The ability to analyse the trend of a stock is an essential first step in being able to pick trades. Although it is a simple process, it is often overlooked. Master the concept, and you are well set up to be able to start with momentum trading, or as an options trader, you have all the basic information that you need for selling credit spreads and naked puts. While it is a powerful tool, its downside is that many traders do not trust its simplicity, and end up over analysing and getting too much information. There are two major steps to finding the trend of a stock, using four indicators.
“The Trend is your Friend”
Step One: Find the trend of the market
Unless you have a contrarian stock that often goes against the market trend, most stocks will follow a market trend pretty safely. Many traders make the mistake of setting up a trade, only to find that they have bet against the market (I did that once!). While almost any of the major indexes will serve, I prefer to use the S&P500, simply because it is most representative of the general market. You may want to find the trend of the sector of your stock as well, as a back up. Essentially, you need one tool to find the trend, and one tool to measure the strength of the trend. You then use two other indicators to make sure that a reversal is not imminent.
To find the direction of a trend, use the balance of moving averages. For medium term, you may wish to use the 10ma and the 30 ma. These show whether the market is trending upwards, sideways or downwards. If the 10ma line is ABOVE the 30ma line, it means that over the last 10 days, the stock has been trading higher (on average) than for the last 30 day period, and this means that you are in uptrend. The further the two lines are apart, the stronger the trend. However, there is a more objective way of measuring the strength of the trend, by using the Wilder’s DMI, also known as the ADX. If the ADX is above 25, you have a strong trend, irrespective of whether the trend is up or down. ADX does not show direction – it only shows the strength of the direction.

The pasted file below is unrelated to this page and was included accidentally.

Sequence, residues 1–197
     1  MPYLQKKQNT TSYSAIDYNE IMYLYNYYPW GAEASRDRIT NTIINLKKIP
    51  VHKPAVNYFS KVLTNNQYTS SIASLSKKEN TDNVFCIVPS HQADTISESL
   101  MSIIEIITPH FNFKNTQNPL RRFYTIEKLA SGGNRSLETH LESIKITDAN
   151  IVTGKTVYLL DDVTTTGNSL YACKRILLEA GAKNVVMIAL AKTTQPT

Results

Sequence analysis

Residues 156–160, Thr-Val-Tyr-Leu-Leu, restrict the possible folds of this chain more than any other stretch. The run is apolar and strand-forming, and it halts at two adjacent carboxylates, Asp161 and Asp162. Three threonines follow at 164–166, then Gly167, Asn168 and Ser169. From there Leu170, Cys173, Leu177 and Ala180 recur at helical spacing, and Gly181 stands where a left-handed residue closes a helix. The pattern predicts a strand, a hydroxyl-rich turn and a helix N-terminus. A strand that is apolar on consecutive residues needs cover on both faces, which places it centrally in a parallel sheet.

Once you have established the direction of the trend, and its strength, you need to check on the RSI and the VIX. If the RSI is below 30 or above 70, you have an indication that the trend has run for a while, and that a reversal may be about to happen – therefore, be cautious. The VIX gives a similar picture. Fibonacci lines can also help you decide when a reversal is close.
Step Two: Find the trend of your stock
Once you have the market trend established, you then focus on your chosen stock. You simply use exactly the same indicators, but this time in a more narrow sense. The balance of the moving averages will tell you the direction of the trend, and the ADX will tell you the strength of the trend. RSI will again help you decide how close you are to a reversal, and you can also look at Fibonacci or support/resistance lines to see how far the trend is likely to go.
Once you have established that your stock is in a trend, you are immediately set up to do a momentum trade, or to to sell credit spreads. If the trend is positive, and you have enough money to cover your margin requirements, you can sell naked puts. Or you can use the fluctuations within the band of the trend to do some short term swing trades, either directly on the stock or by using options. By trading options, you get a much better return for the same investment.